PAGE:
The New Yorker Draws Attention to a Somewhat Literary Moment on the Campaign Trail
In her debate recap at The New Yorker, Amy Davidson points out a remarkable moment between Sanders and Clinton: HRC's odd statement that "you campaign in poetry, you govern in prose." What does it mean? And when poets conquer the campaign trail, does that mean that they are doomed to fail, because prose...?
"Here’s the Senator’s ad,” Chris Cuomo, of CNN, said to Hillary Clinton, who was standing with him on the stage for a Democratic town-hall meeting in Des Moines, Iowa. There was a sudden jolt of music—Simon and Garfunkel’s “America”—and scenes of Bernie Sanders speaking to large, happy crowds, with ecstatic young campaign workers high-fiving and embracing him, appeared on a large screen above them. Clinton, her smile shrinking, stood perfectly still, as if held in a tractor beam—or tractor Bern. When the clip finally ended, after a shot of Sanders waving his fist at a field of cheering supporters next to a bright blue lake, Cuomo turned to Clinton for a response.
“I think that’s great!” she said. And then, with more feeling, “I think that’s fabulous! I loved it.” The audience applauded, and Clinton quickly pivoted to what was, for her, the key point of the evening. “You know, look, you campaign in poetry, you govern in prose. And we need a lot more poetry in this campaign and in our country. So, I applaud that! I love the feeling. I love the energy.” She would, she said, just be “the better person” for the job of President. After a couple of weeks of scattershot attacks on Sanders, including suggestions that he would destroy the health-care system, Clinton is now trying out a two-fold message. First, there is fond but dismissive indulgence: Sanders, the poet from the woods of Vermont, should go back there while she heads to the White House and gets on with it. And second, his poems all sound the same: he is a one-issue candidate who just keeps talking about billionaires, while she has lots of issues. (“Not only economic inequality: racial inequality, sexist inequality, homophobic inequality … education inequality, cultural inequality.”)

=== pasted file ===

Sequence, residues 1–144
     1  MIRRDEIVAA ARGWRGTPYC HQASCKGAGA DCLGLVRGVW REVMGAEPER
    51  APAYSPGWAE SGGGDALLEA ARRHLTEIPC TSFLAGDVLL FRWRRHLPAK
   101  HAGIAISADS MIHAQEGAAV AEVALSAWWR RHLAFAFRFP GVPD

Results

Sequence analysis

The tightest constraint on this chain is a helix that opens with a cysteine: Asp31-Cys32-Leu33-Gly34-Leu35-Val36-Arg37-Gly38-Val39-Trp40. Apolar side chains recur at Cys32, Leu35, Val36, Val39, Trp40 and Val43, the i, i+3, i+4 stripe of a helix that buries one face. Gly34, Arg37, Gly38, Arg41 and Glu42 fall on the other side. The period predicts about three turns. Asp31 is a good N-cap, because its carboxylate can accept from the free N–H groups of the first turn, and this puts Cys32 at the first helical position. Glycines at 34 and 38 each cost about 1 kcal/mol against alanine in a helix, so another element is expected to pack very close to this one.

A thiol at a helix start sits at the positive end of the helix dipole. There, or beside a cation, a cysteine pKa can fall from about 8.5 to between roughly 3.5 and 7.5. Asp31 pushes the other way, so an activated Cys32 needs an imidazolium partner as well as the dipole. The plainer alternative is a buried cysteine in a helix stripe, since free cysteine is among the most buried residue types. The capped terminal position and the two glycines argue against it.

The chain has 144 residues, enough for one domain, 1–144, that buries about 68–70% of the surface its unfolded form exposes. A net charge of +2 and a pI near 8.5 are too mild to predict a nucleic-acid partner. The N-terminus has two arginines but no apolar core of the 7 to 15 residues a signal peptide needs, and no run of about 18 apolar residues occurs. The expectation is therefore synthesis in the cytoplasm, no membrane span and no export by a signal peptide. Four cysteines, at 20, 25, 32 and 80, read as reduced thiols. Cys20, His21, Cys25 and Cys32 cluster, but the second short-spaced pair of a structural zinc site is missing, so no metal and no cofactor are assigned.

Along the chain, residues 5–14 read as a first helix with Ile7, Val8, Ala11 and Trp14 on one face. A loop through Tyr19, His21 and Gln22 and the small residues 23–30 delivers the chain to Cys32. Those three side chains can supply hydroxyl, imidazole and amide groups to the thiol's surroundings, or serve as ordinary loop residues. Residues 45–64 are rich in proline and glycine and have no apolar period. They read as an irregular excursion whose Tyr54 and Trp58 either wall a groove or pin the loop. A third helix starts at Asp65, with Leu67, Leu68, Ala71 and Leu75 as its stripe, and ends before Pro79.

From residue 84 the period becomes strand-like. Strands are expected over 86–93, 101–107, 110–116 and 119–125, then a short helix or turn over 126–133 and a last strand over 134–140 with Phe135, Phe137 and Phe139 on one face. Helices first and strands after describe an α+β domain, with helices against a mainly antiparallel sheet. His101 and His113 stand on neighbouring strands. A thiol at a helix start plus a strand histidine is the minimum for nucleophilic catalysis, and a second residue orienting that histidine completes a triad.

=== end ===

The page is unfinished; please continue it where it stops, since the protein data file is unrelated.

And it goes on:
Sanders, though, didn’t quite coöperate on Monday night. He spoke first, followed by Martin O’Malley, the former governor of Maryland, who spoke earnestly enough, and then Clinton. (The candidates each had a half hour to answer questions from Cuomo and undecided or “leaning” voters.) Sanders talked in a more varied register than he often has in speeches and debates. The format called for the candidates to sit cozily with Cuomo, a setup that lasted only until Sanders got to see his opponent’s ad. “The world a President has to grapple with, sometimes you can’t even imagine. That’s the job. And she’s prepared for it like no other,” the narrator says. A montage follows of Clinton on darkened tarmacs and at foreign summits, and of protesters, gunmen, and what appeared to be an Asian stock-market board, resolving in the tag line, “Getting every part of the job done.”
Consider genre at The New Yorker.